From Dez Bryant to Mike Wallace, WRs bring most intrigue to free agency
The countdown is on. One month from today, the NFL’s free agent signing period will crank to life, and when it does, no position will feature a more interesting and perhaps impact-laden selection of options to choose from than receiver.
The questions abound, and even though the running game made something of a comeback in the NFL in 2014 -- see Dallas -- it’s still a passing league, and that means quality pass-catchers will always command a premium. To be certain, some franchise-player tagging is likely to keep the elite tier off the market, with Dallas and Denver expected to slap that designation on Dez Bryant and Demaryius Thomas, respectively, if they can’t come to long-term deals with their No. 1 receivers.
But Bryant and Thomas are far from the only headline names in this year’s receiving class, and the glamor potential of that group could still grow significantly if Miami chooses to part ways with the mercurial Mike Wallace just two years into his five-year deal; the Jets’ new management team opts to end the club’s brief and failed Percy Harvin experiment; Arizona can’t get a much-needed contract restructuring done with Larry Fitzgerald, and Chicago’s freshly hired tandem of head coach John Fox and general manager Ryan Pace decides that the Bears will be the third team to forego the services of the talented but tiresome Brandon Marshall.
Throw in the unknown fate of the still-24-year-old Randall Cobb in Green Bay, and the possible availability of proven veteran talents such as Jeremy Maclin, Torrey Smith, Michael Crabtree, Wes Welker, Reggie Wayne, Kenny Britt, Cecil Shorts, Eddie Royal and Hakeem Nicks, and there will be no shortage of storylines to follow at receiver during free agency.
Here’s a synopsis of the key names and potential wide receiver free agents to know:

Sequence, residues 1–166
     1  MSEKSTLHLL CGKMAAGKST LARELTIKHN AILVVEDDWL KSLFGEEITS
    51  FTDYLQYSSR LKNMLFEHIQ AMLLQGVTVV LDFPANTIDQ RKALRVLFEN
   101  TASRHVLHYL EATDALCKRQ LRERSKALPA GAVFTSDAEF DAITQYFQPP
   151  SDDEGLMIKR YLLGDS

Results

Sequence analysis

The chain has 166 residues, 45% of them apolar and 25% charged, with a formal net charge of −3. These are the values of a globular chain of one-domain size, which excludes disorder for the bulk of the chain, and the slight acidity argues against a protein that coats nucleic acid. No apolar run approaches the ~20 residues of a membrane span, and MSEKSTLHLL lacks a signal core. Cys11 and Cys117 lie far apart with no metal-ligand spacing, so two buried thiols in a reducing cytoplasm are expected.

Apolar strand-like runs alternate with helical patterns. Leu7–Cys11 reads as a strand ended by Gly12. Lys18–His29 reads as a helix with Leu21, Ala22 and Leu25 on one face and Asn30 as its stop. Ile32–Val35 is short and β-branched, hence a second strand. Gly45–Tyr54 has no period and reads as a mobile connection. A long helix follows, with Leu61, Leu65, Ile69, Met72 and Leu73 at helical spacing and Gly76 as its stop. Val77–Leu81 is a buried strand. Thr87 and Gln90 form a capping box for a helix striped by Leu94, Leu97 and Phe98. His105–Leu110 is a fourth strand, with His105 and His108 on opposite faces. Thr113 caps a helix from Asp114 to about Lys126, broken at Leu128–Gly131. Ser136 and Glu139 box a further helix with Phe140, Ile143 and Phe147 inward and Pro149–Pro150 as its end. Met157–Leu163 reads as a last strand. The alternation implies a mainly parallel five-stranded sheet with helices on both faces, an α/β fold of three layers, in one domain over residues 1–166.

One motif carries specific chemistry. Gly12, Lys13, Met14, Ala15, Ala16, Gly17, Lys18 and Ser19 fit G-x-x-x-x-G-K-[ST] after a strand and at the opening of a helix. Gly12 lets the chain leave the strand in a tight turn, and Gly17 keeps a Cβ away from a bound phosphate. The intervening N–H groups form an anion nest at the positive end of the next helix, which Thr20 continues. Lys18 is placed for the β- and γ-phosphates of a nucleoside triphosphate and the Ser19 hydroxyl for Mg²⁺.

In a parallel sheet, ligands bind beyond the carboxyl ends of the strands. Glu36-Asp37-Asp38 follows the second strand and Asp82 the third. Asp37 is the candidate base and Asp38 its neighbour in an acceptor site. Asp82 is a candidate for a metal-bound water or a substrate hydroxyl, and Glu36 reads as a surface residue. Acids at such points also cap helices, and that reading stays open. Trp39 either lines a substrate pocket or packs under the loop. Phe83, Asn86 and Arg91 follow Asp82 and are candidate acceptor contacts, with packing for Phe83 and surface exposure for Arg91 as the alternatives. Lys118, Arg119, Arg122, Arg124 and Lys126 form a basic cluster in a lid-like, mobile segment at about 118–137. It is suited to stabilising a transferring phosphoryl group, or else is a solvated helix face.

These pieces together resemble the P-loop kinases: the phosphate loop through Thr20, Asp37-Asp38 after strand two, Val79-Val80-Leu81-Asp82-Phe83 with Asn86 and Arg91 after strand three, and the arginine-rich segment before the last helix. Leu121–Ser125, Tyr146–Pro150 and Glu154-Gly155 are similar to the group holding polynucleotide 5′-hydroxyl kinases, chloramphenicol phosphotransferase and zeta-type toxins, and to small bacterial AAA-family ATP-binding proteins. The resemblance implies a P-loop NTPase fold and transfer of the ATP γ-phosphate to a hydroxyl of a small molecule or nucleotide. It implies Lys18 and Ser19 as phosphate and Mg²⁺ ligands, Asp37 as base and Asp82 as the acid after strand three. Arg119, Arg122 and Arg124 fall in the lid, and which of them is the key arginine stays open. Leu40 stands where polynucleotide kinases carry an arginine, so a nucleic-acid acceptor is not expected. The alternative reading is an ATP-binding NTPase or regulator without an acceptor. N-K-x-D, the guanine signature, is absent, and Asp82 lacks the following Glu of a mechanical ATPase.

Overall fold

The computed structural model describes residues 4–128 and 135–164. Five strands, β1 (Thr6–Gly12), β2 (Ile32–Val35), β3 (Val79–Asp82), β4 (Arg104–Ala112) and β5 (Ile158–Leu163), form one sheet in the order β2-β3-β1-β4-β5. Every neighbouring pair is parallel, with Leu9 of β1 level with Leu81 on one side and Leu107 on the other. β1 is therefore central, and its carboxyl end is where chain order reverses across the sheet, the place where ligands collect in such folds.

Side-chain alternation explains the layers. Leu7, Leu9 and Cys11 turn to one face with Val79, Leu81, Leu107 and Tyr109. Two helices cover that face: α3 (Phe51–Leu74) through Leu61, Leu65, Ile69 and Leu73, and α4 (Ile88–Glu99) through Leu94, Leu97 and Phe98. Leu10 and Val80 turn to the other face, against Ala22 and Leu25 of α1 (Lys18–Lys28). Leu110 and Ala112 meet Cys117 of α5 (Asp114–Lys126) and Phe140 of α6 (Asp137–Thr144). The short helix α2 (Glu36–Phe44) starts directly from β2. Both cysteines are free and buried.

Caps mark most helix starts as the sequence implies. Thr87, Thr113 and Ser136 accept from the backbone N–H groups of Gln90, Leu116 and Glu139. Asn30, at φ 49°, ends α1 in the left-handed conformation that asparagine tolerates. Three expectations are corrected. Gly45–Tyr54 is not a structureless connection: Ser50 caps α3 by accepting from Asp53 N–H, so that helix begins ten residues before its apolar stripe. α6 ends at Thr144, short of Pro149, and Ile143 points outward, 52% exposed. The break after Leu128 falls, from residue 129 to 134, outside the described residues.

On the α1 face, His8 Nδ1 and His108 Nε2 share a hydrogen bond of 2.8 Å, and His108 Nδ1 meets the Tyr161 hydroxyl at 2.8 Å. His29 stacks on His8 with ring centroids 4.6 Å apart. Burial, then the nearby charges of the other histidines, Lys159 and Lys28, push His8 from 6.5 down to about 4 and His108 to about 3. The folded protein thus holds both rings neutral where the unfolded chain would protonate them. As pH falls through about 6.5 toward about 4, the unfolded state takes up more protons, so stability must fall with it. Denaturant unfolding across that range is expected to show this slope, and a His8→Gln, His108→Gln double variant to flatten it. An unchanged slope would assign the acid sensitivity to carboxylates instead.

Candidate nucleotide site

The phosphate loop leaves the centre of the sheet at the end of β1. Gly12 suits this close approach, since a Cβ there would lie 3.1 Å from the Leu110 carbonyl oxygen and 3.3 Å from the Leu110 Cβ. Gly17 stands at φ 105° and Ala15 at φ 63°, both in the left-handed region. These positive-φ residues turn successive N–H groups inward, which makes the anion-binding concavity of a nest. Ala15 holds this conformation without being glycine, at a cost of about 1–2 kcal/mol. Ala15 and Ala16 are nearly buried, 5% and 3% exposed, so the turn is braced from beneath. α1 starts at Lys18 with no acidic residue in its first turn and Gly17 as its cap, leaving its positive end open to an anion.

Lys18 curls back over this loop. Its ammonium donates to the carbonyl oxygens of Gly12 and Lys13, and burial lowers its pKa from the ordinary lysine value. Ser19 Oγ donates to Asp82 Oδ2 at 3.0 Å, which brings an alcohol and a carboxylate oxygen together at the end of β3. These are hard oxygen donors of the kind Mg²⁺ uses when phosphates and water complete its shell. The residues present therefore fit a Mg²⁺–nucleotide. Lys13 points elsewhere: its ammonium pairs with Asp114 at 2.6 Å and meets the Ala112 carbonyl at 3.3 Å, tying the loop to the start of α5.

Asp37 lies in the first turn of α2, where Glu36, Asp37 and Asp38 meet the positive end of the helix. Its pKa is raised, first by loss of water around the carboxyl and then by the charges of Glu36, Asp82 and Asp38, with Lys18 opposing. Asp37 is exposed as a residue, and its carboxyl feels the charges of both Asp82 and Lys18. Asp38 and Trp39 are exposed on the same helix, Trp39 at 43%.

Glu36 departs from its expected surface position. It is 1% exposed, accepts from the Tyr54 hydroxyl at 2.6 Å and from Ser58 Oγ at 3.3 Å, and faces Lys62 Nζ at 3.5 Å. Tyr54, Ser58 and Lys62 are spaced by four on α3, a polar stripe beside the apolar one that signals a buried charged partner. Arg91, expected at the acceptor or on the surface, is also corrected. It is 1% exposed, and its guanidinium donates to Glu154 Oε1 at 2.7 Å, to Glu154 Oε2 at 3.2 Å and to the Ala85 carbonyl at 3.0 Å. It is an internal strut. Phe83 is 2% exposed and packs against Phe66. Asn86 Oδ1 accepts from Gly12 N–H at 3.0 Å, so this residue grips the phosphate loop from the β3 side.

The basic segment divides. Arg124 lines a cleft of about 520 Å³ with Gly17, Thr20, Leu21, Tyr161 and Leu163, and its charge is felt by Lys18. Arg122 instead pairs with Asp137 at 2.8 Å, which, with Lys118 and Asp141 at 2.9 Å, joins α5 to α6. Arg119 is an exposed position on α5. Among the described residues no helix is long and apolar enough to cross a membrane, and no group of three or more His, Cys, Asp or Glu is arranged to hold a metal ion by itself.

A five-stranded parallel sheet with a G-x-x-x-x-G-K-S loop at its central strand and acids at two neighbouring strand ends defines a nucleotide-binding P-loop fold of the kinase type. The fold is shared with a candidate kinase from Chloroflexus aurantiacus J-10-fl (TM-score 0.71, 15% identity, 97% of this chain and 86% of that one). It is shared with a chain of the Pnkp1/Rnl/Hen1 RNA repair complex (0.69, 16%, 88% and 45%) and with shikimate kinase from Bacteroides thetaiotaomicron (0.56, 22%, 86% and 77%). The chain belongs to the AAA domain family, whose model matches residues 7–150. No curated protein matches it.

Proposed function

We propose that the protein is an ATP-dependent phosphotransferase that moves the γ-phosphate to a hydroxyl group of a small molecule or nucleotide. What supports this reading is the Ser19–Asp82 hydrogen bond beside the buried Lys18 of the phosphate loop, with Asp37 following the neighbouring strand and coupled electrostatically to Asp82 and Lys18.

• Dez Bryant, Dallas Cowboys -- Bryant’s three-letter first name might as well be DNT instead of Dez this offseason, because the Cowboys will hang a Do Not Touch sign on him one way or another. Either Bryant will receive a monster contract extension, or he’ll get the expected $12.7 million franchise label applied to him, locking him up for 2015. You think Jerry Jones is letting a play-making beast with 88 catches for 1,320 yards and 16 touchdowns walk out the door? I don’t either. If anybody is exiting Dallas, it’s running back DeMarco Murray, who led the league in rushing last season and is likely to at least test the market next month. The Cowboys would like to keep him, too, but Bryant is the player they must retain.
• Demaryius Thomas, Denver Broncos -- With or without Peyton Manning in the picture -- and you know he’s coming back -- the Broncos can’t afford to lose Thomas any more than Dallas can Bryant, and that’s why he’ll be in orange and blue again in 2015. It’s either the franchise tag or a long-term deal, and logic suggests an extension would be the wiser choice with the salary cap on the rise in the coming years. Denver might be forced to let other receiving options like Wes Welker and tight end Julius Thomas hit the market, but Demaryius Thomas is getting paid by the Broncos, even if he doesn’t stay true to his word and accept that hometown discount he talked about in December. With Manning as his quarterback, Thomas has logged at least 90 receptions for 1,400 yards and 10 touchdowns for three seasons running.